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Soil pH – The Foundation for Nutrient Availability

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Every nutrient's availability is affected by soil pH.

Soil pH is the foundation and main governing parameter of soil fertility. Every nutrient’s availability to plants is affected by soil pH – some more so than others – which is why correcting and maintaining soil pH at adequate levels is so important.

Phosphorous (P) availability is the most affected nutrient by pH because the chemistry of P is such that it loves to react with other minerals in the soil at varying pH levels. At high pH, P is very attracted to calcium, while at low pH, P is very attracted to aluminum and iron. When P reacts with calcium, aluminum, or iron, it forms insoluble compounds that plants cannot easily access.

Nitrogen (N) and Potassium (K) are also affected by pH, but not in the same way as P. At low pH, aluminum and iron increase in availability and “out-compete” nutrients like N and K in the soil, leaving N and K susceptible to leaching from the soil profile.

Maintaining proper pH protects fertilizer investments.

With the substantial investment made on N, P, and K fertility programs, it is easy to see why maintaining appropriate pH is paramount to protecting fertilizer investments. Further, crops need sufficient access to these nutrients in order to obtain maximum yield and further return the investment growers make on these important nutrients.

Our philosophy is that soil pH should be corrected and then maintained with yearly or every-other-year, lower rate applications to avoid the pH rollercoaster that can occur with 4- or 5-year aglime application regimens. Our product, 98G, is a pelletized lime that corrects and maintains soil pH. It’s easy to apply and works well in variable rate application programs.

By measuring and managing soil pH, you are ensuring that growers are set up for a high-yielding crop and fertilizer investments are being put to work.

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Bob Streit to Speak in Fort Dodge

Bob Streit will be speaking on crop challenges for 2011 on Jan 24th and Jan 31st at the Iowa Central Community College in Fort Dodge Iowa. Discussions will include soil fertility considerations, corp management ideas, soil management, diseases, fungicides, and seed traits.

If you have not heard Bob speak, I highly recommend you you make the trip. 

Bob Streit born and raised on a farm in Mitchell County Iowa, graduated from ISU with a degree in Plant Pathology and Pest Management. He worked four years with ServiTech Inc. Bob then organized the agronomy services with a large co-op in central Iowa. He  then worked 19 years with DeKalb and Cargill/Mycogen Seed Companies as a tech service agronomist. After multiple mergers he began working  for  farming clients as a consulting agronomist in Iowa. Until 2000 Bob also helped work and manage the home farm. In recent years he has been traveling to South America to study soybean rust and work with their pathologists on control methods. This has led him to work with the U.S. Rust Task Force and other projects with the USDA.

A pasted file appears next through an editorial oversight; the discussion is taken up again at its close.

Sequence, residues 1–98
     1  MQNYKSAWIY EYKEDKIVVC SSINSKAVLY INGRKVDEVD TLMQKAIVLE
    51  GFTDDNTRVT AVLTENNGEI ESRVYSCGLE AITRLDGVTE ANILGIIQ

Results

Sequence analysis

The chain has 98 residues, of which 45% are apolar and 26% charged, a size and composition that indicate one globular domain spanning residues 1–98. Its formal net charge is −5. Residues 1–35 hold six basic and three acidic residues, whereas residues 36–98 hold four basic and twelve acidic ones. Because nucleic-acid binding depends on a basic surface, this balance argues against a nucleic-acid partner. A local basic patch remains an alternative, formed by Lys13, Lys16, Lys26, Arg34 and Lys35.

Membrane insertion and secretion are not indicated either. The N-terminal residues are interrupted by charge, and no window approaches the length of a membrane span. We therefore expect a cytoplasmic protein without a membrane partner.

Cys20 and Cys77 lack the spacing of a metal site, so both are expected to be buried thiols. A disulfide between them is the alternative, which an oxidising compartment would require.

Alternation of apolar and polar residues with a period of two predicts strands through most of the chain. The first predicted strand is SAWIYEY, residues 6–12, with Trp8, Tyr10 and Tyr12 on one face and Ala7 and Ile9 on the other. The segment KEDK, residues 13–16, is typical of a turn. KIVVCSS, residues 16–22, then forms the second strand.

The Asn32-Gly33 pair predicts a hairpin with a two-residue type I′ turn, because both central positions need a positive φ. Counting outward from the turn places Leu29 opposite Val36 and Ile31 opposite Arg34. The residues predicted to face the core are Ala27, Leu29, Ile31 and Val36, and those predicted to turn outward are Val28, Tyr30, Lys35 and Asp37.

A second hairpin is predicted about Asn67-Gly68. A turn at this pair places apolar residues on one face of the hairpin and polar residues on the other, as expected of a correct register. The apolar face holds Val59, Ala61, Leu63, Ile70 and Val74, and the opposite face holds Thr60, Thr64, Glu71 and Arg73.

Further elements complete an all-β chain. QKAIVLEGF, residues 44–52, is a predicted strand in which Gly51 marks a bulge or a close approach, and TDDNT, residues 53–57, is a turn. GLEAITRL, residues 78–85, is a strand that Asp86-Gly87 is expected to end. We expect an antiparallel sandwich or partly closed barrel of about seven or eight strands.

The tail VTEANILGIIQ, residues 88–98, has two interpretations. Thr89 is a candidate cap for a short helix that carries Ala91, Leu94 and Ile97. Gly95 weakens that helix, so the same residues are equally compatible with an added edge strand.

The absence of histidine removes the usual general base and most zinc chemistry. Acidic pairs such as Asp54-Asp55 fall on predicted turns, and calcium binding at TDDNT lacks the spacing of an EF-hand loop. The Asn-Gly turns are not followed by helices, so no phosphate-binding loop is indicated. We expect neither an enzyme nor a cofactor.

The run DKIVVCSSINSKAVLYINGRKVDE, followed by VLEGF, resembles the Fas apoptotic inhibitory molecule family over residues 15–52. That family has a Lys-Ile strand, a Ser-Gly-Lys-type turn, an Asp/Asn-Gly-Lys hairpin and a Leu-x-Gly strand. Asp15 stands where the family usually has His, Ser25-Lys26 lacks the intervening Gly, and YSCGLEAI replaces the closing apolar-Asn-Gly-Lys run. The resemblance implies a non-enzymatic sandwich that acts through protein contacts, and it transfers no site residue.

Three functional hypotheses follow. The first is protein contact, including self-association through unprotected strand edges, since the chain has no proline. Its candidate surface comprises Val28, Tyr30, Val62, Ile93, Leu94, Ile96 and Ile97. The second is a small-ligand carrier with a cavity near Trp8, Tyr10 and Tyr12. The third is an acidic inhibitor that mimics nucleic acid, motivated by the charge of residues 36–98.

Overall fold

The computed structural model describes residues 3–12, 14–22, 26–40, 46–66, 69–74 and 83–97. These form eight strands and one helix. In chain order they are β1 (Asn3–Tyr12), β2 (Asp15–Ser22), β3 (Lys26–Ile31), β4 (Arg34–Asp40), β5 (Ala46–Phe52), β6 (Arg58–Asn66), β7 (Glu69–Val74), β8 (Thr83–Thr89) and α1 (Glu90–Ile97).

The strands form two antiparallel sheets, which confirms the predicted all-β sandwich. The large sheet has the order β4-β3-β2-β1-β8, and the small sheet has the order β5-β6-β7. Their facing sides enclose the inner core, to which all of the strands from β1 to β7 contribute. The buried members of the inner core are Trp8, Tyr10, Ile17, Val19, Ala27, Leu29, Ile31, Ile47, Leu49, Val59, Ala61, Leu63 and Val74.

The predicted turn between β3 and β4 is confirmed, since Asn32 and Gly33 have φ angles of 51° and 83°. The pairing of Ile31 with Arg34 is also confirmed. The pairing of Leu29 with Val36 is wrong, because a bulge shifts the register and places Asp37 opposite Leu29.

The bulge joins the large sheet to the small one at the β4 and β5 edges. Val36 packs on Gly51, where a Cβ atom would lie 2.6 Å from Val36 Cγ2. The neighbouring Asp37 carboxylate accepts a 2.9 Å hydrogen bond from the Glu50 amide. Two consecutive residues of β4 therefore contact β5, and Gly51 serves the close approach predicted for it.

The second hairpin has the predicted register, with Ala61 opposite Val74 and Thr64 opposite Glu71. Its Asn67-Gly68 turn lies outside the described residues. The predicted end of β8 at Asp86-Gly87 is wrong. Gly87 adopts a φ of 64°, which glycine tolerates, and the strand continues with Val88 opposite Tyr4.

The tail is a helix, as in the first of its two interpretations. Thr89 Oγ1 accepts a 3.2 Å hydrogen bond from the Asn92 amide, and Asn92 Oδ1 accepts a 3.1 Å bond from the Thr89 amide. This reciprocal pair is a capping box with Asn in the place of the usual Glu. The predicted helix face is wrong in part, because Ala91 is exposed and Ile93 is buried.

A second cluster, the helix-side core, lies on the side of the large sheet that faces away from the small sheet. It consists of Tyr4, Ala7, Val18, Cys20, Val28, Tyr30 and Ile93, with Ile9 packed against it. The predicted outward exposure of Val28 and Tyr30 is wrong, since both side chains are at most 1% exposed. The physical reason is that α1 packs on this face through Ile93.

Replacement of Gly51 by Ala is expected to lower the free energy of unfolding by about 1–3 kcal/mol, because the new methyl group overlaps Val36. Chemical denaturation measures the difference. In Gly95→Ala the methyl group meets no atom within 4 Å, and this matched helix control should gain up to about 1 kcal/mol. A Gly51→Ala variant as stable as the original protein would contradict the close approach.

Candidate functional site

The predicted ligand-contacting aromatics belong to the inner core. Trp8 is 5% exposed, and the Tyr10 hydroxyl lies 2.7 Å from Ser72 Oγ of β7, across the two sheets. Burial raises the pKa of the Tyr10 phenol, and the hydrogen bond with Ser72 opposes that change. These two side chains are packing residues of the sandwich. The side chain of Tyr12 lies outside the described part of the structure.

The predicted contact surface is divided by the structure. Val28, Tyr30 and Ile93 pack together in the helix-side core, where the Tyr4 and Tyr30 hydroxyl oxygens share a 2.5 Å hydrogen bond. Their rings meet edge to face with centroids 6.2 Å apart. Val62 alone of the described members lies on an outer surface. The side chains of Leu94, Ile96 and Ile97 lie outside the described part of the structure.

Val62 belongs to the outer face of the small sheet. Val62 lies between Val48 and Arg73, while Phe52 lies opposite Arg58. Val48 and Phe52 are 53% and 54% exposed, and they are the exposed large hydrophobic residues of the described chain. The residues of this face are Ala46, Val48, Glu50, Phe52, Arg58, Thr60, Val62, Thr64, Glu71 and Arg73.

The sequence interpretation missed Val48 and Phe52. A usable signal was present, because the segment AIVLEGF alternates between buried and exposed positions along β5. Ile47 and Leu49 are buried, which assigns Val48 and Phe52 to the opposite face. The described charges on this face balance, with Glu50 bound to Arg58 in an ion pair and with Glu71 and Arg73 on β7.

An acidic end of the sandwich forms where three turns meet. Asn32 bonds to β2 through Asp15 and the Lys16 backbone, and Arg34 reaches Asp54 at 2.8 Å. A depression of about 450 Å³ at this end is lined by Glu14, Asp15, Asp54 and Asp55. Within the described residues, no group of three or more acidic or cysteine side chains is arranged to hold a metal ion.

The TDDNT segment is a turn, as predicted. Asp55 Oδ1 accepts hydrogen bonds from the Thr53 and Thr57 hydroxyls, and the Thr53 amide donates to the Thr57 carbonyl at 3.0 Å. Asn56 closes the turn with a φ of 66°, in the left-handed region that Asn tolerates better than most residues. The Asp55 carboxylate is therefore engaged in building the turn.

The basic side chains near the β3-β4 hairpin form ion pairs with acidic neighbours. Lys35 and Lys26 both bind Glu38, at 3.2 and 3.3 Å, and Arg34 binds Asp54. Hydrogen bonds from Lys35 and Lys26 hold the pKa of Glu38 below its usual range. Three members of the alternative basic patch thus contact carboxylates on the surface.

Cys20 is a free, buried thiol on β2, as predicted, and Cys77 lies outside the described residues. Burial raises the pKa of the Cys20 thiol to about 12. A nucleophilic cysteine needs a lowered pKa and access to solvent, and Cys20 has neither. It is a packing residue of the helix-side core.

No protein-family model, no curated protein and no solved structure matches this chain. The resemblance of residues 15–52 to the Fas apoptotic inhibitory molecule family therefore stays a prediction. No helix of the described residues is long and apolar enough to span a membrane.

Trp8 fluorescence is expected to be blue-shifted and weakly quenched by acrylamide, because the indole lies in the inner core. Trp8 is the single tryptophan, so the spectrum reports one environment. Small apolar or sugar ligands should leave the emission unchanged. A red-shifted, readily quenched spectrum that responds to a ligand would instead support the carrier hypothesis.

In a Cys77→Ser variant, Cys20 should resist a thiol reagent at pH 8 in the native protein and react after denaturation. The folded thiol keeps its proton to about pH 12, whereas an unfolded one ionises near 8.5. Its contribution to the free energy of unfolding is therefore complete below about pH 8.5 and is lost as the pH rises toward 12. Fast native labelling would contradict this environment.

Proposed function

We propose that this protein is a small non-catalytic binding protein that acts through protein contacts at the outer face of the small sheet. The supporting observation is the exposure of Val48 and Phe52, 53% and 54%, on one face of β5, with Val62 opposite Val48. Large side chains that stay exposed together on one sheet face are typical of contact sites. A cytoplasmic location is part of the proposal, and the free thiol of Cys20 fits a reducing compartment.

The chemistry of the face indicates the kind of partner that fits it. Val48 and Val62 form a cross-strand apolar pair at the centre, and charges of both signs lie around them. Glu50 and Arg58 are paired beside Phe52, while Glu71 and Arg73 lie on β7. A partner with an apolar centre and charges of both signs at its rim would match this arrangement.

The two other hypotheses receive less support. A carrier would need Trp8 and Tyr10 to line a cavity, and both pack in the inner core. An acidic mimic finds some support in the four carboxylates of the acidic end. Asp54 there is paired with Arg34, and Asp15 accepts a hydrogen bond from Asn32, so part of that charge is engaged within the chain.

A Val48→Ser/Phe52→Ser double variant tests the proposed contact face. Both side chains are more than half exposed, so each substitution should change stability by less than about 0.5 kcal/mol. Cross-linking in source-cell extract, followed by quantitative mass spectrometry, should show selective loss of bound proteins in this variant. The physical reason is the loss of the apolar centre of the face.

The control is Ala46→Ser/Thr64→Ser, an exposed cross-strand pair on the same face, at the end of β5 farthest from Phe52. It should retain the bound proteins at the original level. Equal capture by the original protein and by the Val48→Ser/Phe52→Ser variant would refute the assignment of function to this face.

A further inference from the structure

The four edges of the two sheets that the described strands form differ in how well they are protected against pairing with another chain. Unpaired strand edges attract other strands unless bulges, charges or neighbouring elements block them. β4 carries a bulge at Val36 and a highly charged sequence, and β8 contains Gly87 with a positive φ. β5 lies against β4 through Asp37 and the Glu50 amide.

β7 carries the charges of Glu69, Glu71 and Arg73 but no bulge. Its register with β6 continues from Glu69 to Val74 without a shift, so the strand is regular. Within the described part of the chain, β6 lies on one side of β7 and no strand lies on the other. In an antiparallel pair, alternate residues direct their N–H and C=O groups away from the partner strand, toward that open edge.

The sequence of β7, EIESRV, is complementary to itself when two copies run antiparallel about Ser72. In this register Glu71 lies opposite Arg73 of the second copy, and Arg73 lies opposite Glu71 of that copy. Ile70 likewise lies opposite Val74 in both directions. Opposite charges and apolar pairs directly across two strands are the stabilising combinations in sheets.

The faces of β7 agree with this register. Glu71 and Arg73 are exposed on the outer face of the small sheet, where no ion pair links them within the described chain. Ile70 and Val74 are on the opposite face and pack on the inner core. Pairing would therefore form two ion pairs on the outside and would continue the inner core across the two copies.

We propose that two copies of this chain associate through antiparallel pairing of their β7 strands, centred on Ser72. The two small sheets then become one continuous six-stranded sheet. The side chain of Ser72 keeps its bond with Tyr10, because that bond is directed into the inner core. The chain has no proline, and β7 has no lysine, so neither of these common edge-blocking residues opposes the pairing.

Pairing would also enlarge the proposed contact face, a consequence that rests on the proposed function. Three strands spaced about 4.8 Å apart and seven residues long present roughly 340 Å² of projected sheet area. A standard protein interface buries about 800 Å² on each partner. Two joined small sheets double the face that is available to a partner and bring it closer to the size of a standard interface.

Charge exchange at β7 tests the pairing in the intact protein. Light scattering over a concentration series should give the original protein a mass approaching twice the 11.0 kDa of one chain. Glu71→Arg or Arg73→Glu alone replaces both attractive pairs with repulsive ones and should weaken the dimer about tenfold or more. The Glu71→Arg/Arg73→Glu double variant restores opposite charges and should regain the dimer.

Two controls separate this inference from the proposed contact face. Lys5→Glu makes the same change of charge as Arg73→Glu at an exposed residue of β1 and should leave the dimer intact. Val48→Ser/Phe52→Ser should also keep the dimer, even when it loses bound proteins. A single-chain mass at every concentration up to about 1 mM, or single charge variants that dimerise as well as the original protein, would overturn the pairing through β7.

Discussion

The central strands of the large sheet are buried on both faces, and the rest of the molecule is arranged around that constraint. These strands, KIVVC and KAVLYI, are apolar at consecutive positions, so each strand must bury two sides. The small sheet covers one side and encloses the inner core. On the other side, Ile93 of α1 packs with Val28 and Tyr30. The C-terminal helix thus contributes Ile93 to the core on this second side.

To register call 800-362-2793 ext. 1277, there is no charge for this event.

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Does Cation Balancing Have a Place?

Balancing Soil Nutrient Levels in Agriculture

Soil tests provide some great information to producers and consultants.  They usually include such things as pH, buffer pH, and CEC along with nutrient levels like Phosphorus (P) and Potassium (K).  Some agronomists and producers look at the pH and then ignore everything else except for the recommendations based on yield.  This might not be the best strategy for long term soil health.

There are some people who advocate looking at the relative proportions of the cations (Hydrogen, Calcium, Potassium, Sodium, Magnesium) in the soil and trying to achieve a balanced level of fertility.  This would be equivalent to achieving a balanced livestock ration or human diet. 

A Virginia website which talks more about cation balancing can be found here:  www.vabf.org/soilre1.php. I think the author makes two very important points in the conclusion:

1) A foliar or tissue test will show what the plant is actually using.  This may be different than what a soil test indicates.

2) There is no substitute for the knowledge that a farmer has about the land he is managing. 

 

 

The Blogronomist is maintained by Craig Dick, head blogronomist and VP of Sales and Marketing. Here you will find a wide array of blog articles from Craig and expert guests on topics related to soil and crop health, farming, and so much more. If it’s not here, ask us!

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Suggested light reading for the weekend!